Trade Secret: Proper Calf Raise
We are selling off part of the farm here today in giving this one away. This is an exercise we prescribe frequently.
When we rise up onto the ball of the foot, most clients and patients tend to come up and either be flush on the forefoot bipod or even a little more onto the lateral aspect of the forefoot. When asked, rarely do we hear that they have a majority of pressure over the medial half of the forefoot. This posturing tendency can lead to inversion sprains. Imagine for a minute a basketball or volleyball player, or any sport for that matter, because most involve the foot leaving the ground and returning to it. When the foot returns to the ground, if the foot is even a slightly bit inverted (meaning they are even slightly tending towards landing on the outer half of the forefoot) an inversion sprain is at risk. This is particularly so when the lateral gastroc-soleus is weak and the peronei are weak. Forefoot valgus foot types are certainly in the risk category here and so once again we find that knowing your foot types so you can help your clients is need-to-know information. Back to our jump and to the return to the ground from the jump, you must remember that the metatarsals are shorter and shorter as you move to the lateral foot. This means that if the load is moving laterally because of posterio-lateral compartment weakness as described above, that the sheer design of the shorter lateral metatarsals will continue to press the motion laterally. This is one of the reasons why lateral ankle strains, inversion sprains, are so frequent and repetitive (we have described the other factor in the latency of the peronei after a single inversion sprain in other blog posts here).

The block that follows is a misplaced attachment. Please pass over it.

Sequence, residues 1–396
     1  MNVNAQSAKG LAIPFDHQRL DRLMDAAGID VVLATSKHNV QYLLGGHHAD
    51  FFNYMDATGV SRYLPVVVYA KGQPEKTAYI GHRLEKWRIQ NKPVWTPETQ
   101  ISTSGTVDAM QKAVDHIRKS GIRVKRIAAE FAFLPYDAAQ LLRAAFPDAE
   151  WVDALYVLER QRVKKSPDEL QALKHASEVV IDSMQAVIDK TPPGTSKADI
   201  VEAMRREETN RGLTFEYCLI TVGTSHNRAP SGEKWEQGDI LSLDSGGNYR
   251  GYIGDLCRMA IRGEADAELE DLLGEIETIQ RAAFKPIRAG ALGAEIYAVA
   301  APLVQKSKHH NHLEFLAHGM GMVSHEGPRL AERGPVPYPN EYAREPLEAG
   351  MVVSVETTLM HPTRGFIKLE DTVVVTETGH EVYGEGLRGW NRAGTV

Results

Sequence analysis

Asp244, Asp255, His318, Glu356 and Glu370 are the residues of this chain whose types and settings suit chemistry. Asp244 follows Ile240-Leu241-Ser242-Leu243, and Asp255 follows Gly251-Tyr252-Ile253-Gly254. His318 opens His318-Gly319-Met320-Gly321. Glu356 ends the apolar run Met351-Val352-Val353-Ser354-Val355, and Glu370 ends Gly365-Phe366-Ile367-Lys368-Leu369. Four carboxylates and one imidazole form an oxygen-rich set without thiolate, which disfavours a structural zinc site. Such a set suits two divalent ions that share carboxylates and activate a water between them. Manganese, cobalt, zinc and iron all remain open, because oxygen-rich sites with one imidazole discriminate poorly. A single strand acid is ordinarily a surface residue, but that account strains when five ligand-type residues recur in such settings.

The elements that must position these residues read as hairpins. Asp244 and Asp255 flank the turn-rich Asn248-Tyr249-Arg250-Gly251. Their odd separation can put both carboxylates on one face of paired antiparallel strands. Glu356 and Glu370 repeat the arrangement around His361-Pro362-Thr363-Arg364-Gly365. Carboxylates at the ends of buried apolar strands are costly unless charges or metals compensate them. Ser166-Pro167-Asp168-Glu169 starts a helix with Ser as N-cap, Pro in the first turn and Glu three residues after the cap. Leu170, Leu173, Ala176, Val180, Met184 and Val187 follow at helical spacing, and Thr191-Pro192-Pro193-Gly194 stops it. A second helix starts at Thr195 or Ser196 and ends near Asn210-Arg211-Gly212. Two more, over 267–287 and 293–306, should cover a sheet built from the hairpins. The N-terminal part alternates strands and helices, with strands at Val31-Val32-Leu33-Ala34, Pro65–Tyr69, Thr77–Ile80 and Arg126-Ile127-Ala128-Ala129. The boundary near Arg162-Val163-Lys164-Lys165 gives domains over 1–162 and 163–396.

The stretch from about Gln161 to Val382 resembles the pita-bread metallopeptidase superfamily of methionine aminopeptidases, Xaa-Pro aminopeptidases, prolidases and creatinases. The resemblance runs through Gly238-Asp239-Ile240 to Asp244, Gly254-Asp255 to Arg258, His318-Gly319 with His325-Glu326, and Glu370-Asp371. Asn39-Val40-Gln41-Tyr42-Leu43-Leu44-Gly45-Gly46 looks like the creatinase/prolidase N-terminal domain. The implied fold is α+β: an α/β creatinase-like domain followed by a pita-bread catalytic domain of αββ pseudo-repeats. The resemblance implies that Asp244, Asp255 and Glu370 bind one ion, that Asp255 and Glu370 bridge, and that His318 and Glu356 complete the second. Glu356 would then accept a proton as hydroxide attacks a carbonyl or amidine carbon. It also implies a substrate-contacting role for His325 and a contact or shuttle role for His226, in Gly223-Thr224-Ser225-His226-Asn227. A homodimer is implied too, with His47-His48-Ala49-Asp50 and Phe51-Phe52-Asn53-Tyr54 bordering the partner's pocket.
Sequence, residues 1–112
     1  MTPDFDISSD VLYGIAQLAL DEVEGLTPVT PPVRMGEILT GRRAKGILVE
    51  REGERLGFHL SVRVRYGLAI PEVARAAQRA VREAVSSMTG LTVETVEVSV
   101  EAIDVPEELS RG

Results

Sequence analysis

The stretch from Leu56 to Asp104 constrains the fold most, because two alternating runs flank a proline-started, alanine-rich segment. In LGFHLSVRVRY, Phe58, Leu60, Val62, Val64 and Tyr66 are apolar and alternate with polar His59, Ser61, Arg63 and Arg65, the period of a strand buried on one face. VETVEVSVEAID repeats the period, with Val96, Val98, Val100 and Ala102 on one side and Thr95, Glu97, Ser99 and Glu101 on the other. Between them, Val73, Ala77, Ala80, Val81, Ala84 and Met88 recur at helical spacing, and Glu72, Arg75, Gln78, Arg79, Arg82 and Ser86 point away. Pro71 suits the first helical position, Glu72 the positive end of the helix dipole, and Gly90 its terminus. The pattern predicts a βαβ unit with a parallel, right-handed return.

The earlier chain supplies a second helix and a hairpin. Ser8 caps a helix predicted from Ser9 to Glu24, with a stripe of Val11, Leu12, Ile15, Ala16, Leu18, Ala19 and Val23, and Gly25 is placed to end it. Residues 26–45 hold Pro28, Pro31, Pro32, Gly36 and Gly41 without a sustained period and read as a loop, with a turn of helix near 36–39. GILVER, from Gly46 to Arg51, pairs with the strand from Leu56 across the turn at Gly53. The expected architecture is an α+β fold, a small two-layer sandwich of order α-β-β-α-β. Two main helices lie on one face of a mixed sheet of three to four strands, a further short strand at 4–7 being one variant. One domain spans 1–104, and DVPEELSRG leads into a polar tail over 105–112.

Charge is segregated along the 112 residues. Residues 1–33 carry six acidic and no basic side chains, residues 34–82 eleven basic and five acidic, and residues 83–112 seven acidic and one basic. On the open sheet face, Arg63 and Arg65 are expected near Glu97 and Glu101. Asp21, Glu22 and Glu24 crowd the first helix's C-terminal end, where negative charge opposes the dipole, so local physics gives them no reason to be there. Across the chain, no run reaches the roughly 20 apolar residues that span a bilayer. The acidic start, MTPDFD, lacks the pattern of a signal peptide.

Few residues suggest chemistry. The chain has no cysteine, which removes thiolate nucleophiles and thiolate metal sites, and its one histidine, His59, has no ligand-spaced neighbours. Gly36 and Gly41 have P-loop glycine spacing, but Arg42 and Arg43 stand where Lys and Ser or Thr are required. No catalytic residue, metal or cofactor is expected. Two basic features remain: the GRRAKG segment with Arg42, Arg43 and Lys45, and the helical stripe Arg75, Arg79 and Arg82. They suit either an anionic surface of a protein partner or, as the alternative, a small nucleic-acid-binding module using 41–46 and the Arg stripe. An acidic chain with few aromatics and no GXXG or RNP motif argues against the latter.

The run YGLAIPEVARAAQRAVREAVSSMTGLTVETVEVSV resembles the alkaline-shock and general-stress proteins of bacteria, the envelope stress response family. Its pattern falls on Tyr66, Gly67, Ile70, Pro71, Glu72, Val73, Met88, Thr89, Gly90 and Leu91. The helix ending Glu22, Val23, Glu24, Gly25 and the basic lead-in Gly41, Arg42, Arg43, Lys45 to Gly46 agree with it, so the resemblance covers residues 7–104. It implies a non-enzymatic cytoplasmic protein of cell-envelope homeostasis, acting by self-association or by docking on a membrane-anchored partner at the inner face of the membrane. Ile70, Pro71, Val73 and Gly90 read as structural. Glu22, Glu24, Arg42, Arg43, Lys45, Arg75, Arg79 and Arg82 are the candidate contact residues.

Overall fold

So here we have our calf raise exercise. Squeezing the ball between the ankles on the up (concentric phase) and on the down phase (eccentric) with a nice isometric at the top will force the weight bearing onto the first and second metatarsals (medial forefoot) and drive the lateral compartment to press the motion medially through an isometric instead of depending so much on this compartment to protect the inversion motion through and eccentric. We find this motor pattern terribly weak in our athletes, especially our jumping sports and certainly after inversion sprains. IF we can provide more strength to hold this medial posture during the return to the ground from a jump we can slow or delay the lateral inversion event risk. The key to the exercise is to keep the pressure into the ball medially at all times. A wonderful additional benefit to this exercise is that the user will feel the cocontraction of the thigh adductors which further provides a medial stability effort and blends nicely with the lower abdominals.
You can see that in this case we are rehabilitating an achilles tendon repair case on the left leg.